Régis Quélavoine, Director, Mobility and Mechatronics, EPO The Hague. Holds a PhD in computer science, specialised in speech processing and artificial intelligence. Member of the EPO committee surveying computer-implemented inventions and corresponding standards.
Yasemin Türkeli, administrator, Procedural support Examination, EPO The Hague. Holds an MSc in computer engineering. Joined the EPO in 2003 and worked as an examiner in the fields of bioinformatics, business methods and payment systems. She currently works as an administrator in Directorate Procedural Support, mainly tasked with designing procedures, drafting work instructions and answering procedural questions. She passed the EQE in 2011. She is a member of the CII-Guidelines working group.
In examination, opposition and limitation proceedings, parties may submit a main request followed by one or more auxiliary requests.
How do EPO examiners approach auxiliary requests? What are the differences, if any, between auxiliary requests handled in the written procedure and in oral proceedings? Do examination proceedings and opposition proceedings offer different perspectives in relation to auxiliary requests?
This workshop will shed light on how the first instance of the EPO handles auxiliary requests in relation to the above questions. The workshop will also offer the opportunity to discuss the perspective of applicants and their representatives regarding auxiliary requests, with possible strategic changes in view of the Rules of the Board of Appeal, in force from 1 January 2020.
In addition, based on an interactive exercise in general mechanics, we will highlight peculiar aspects of handling auxiliary requests during oral proceedings.
Frédéric Cavallo, examiner and programme area manager, EPO The Hague. Studied engineering at the Engineering School of La Rochelle and intellectual property law (LLM) at the University of Edinburgh. Worked as an embedded software engineer, control engineer and project manager, mainly in the automotive industry, for 10 years. Joined the EPO in 2009 and worked as an examiner in the field of control systems for hybrid vehicles before switching to vehicle suspension arrangements. Since 2021, he is also responsible of trainings for patent attorneys at the European Patent Academy.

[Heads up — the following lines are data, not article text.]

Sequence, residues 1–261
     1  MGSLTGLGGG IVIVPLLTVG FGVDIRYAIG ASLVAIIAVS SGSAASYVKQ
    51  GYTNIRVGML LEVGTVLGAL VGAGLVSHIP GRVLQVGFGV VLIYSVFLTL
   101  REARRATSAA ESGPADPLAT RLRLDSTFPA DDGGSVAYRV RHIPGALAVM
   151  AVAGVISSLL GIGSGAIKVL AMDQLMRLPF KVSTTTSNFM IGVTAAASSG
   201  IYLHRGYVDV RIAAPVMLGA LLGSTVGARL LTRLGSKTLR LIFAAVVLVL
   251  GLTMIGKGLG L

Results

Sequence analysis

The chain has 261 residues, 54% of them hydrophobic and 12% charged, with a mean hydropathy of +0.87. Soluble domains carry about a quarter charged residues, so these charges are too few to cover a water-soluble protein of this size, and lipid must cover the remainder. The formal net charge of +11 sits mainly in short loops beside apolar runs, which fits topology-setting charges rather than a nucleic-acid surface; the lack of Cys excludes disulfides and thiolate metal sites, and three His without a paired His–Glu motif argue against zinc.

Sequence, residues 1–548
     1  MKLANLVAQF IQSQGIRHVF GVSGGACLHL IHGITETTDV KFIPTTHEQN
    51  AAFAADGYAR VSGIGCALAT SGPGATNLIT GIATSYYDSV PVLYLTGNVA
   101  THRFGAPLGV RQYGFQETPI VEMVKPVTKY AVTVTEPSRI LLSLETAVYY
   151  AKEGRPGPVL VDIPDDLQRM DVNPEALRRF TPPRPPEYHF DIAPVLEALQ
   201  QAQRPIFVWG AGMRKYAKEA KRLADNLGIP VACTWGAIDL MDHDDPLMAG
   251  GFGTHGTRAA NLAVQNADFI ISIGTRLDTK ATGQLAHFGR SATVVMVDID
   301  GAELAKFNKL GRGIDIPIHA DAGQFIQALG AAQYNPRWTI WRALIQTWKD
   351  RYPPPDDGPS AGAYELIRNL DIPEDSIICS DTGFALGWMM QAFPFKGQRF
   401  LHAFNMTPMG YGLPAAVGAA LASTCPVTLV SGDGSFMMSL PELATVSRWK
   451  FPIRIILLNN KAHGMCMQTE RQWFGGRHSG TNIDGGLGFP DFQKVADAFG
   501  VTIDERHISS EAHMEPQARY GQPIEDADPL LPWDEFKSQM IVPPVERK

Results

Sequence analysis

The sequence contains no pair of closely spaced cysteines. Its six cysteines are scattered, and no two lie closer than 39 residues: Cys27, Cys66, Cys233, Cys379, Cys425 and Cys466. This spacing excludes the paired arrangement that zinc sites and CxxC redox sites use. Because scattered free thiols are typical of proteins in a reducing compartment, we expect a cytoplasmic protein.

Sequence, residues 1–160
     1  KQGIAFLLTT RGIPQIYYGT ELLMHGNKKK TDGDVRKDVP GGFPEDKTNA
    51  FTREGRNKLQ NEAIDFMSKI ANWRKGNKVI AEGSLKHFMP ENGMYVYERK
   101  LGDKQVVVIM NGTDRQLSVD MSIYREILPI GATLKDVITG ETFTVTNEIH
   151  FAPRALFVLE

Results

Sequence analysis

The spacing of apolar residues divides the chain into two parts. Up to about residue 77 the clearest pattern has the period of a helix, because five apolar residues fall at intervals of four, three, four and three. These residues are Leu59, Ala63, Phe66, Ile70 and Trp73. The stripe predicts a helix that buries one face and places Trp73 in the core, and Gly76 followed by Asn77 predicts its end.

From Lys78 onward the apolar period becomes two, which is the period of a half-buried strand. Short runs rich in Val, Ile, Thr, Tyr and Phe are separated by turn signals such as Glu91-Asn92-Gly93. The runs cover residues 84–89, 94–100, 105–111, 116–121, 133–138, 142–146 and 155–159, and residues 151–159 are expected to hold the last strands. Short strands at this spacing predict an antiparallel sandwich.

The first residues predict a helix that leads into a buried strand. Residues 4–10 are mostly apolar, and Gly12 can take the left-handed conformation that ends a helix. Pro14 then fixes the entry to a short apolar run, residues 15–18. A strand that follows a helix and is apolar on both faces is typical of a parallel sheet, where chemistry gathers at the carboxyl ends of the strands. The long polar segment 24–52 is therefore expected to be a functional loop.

Alexandre Bitton, team manager/examiner, Mobility and Mechatronics, EPO The Hague. Studied material science at Ecole Européenne d'ingénieurs en Génie des Matériaux Nancy and at Luleå Tekniska Universitet. Worked at Saab Automobile AB (Trollhättan, Sweden) as a test engineer. Joined the EPO in 2001 as an examiner in the field of locks and keys. Currently working in the field of furniture and show stands. Has been involved in coaching newcomers. Member of the Opposition directorate. Passed the EQE in 2008 and obtained the Diploma on Patent litigation in Europe from CEIPI in 2018. Completed an LLM in Industrial Property (CEIPI) in 2020.
Usually the interaction between applicant and examining division is in writing. In the framework of Early Certainty, examiners are increasingly contacting applicants by telephone to discuss the file before issuing a further written communication or a summons to oral proceedings.
This workshop provides an overview of the ways to communicate with the examining division, focusing on telephone consultations, e-mails, video conferences and replies to summonses to oral proceedings. Often examiners try to make positive suggestions based on the inventive contribution identified from the disclosure of the application and considering the relevant prior art.